While We're Young
While We’re Young searches for the blurry line we all cross once we’ve entered middle age, finds it and tramples all over it, but it…
* This filmography is not intended to be a comprehensive list of this artist’s work. Instead it reflects the films this person has been involved with that have been reviewed on this site.
Chaz Ebert's July 18th appearance on "The Tonight Show Starring Jimmy Fallon."
Tom Shales looks at "Carson on TCM," a weekly series of shows culling great Carson interviews.
Of late, I've been thinking about how I got here. Here, in love with movie watching and movie making. Here, in a design school in India, and not an engineering college or a medical school like predetermined for most Indian students. Here, in correspondence with a huge role model of mine. Here, doing what I love.
Marie writes: remember "The Heretics Gate" by artist Doug Foster? Well he's been at it again, this time as part of an exhibit held by The Lazarides Gallery - which returned to the subterranean depths of The Old Vic Tunnels beneath Waterloo Station in London, to present a spectacular group show called The Minotaur. It ran October 11th - 25th, 2011 and depending upon your choice (price of admission) dining was included from top Michelin-star chefs.Each artist provided their own interpretation of the classical myth of Theseus and the Minotaur and as with The Heretics Gate before it, Cimera, Doug Foster's new and equally as memorizing piece made it possible to project whatever comes to mind onto it, as images of body forms and beast-like faces take shape and rise from the bowels of earth. (click image to enlarge.) Photo by S.Butterfly.
Marie writes: Summer is now officially over. The berries have been picked, the jam has been made, lawn-chairs put away for another year. In return, nature consoles us with the best show on Earth; the changing of the leaves! I found these at one of my favorites sites and where you can see additional ones and more...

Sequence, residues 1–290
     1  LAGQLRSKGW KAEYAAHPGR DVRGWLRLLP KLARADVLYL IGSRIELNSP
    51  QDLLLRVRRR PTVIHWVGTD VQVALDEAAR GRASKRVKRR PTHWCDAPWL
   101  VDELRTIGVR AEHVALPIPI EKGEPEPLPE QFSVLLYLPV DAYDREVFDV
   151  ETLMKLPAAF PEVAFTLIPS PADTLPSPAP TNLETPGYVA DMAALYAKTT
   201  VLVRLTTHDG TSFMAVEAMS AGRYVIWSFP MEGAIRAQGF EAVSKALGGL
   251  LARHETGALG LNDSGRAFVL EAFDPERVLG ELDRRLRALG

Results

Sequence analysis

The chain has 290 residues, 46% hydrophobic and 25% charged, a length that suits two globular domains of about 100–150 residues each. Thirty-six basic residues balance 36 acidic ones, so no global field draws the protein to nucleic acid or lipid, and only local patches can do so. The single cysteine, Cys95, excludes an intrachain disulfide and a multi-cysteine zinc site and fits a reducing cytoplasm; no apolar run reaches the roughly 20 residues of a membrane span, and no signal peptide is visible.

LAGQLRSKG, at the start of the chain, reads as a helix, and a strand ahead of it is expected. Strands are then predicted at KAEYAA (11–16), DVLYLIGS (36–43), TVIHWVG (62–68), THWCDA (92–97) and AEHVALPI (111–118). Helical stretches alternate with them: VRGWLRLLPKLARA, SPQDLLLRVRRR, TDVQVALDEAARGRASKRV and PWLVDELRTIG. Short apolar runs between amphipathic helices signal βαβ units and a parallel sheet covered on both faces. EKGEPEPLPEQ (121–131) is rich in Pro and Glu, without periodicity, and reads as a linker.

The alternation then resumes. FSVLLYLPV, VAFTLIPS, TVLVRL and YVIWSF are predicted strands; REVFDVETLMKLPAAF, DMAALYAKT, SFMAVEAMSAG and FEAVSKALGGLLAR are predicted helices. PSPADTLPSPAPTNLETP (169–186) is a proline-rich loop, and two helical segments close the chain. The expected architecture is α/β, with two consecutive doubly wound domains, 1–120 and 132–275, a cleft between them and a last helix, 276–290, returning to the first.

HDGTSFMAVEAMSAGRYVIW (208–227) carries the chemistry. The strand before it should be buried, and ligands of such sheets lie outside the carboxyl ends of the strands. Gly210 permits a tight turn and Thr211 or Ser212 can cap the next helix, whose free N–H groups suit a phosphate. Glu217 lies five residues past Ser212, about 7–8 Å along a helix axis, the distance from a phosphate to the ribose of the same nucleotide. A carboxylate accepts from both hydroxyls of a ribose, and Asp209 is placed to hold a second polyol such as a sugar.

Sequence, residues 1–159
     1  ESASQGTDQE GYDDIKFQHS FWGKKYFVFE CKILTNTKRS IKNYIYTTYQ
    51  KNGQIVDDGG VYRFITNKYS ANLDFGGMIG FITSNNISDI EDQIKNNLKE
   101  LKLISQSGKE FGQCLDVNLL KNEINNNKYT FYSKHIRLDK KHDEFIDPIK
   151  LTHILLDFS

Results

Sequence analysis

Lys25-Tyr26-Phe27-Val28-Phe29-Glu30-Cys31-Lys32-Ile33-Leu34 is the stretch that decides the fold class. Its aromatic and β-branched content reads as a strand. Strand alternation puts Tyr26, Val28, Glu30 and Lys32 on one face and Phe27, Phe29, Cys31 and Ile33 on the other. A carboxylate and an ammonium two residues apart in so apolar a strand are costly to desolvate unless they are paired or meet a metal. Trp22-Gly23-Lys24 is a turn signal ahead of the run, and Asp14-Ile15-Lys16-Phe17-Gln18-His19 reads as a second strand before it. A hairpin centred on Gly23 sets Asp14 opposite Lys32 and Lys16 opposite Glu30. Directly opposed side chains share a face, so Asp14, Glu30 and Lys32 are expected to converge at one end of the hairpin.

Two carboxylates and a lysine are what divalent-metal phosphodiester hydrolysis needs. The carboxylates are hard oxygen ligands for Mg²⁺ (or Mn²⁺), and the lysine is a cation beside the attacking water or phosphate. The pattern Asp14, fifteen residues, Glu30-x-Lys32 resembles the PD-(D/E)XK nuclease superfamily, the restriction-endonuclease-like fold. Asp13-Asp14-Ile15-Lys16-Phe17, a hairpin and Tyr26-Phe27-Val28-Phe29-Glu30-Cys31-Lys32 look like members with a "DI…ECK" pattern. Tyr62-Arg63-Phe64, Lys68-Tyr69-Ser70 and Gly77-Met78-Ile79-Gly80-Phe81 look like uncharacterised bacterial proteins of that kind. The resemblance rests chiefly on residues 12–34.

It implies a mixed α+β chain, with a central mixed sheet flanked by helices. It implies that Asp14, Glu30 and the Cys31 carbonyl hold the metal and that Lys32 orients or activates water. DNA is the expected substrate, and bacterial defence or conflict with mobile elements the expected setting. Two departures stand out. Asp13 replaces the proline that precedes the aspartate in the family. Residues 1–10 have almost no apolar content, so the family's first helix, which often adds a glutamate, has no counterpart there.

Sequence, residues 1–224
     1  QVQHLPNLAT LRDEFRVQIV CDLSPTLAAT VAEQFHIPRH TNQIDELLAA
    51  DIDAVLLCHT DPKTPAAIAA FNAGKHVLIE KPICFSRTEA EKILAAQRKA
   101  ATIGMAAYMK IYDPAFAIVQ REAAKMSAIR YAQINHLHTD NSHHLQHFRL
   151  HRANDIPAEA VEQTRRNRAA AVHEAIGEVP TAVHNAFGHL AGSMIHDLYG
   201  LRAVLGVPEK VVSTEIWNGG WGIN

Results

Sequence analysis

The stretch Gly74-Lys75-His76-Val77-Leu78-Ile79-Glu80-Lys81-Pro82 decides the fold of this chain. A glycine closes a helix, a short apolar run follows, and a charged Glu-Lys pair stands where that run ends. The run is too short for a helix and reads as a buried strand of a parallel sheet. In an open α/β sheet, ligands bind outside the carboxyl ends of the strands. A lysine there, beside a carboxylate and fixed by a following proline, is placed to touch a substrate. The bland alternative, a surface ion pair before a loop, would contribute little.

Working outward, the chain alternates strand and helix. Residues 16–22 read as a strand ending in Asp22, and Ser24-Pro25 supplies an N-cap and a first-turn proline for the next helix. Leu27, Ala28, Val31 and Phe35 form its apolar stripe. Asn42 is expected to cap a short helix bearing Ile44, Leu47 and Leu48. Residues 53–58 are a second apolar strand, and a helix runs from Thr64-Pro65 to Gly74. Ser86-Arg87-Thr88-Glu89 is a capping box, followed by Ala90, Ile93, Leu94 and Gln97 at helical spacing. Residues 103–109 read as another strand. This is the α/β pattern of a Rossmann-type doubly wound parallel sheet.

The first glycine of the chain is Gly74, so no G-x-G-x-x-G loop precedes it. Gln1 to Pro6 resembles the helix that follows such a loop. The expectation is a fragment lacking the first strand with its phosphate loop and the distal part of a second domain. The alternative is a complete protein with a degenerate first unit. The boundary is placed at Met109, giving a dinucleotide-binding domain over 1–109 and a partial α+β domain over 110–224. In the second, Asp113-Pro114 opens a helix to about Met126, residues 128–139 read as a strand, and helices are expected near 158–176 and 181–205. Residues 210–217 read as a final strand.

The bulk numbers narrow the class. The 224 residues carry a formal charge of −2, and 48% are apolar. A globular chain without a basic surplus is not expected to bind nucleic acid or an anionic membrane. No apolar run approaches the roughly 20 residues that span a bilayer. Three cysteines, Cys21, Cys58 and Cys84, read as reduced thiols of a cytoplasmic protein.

[This resurrected piece is my contribution to the Steven Spielberg Blogathon co-hosted by Adam Zanzie (Icebox Movies) and Ryan Kelly (Medfly Quarantine). Originally published in the (pre-home-video) December, 1982, issue of The Informer, a monthly publication of the Seattle Film Society, when I was just a wee lad, barely a quarter-century old.]
"E.T." is a universal film -- and I'm not just talking about the MCA company that released it. Steven Spielberg's latest celluloid fable is fast on its way to becoming the most popular movie ever made. Yet, unfortunately, critical attention has been focused primarily on the phenomenon of "E.T." rather than on the cinematic merits of the movie itself. So much has been said about "E.T." as an extraordinary entertainment, a masterfully orchestrated work of childlike wish-fulfillment, that people seem to have overlooked the fact that it's also -- dare I say it? -- a rich and resonant Work of Art. Perhaps Spielberg is too unassuming, too unabashedly populist in his style and (overt) subject matter to make critics sit up and take notice of what he's doing from shot to shot.
Nevertheless, "E.T." is connecting with millions of people worldwide -- and for good reason. Like "Close Encounters of the Third Kind," Spielberg's other masterpiece about intergalactic harmony and understanding (and perhaps the largest-scale abstract/experimental film released by a major Hollywood studio since Stanley Kubrick's "2001: A Space Odyssey."), "E.T." is above all about contact, about the very nature of communication, and the system of signs we human beings have created to bring ourselves closer to one another: spoken language, gestures, symbolic objects, physical contact -- and any combination of the above.
The ad slogan for "Close Encounters" (hereafter referred to as "CE3K") was "We Are Not Alone," and both that film and "E.T." are about alienated individuals who try to break out of their isolation, who struggle to bridge the void between themselves and others. Perhaps the best way to get to the heart of these movies is to take a look at some of the ways Spielberg's characters communicate with (or fail to reach) each other -- and how Spielberg uses cinematic technique to bring film, characters, and audiences, into contact.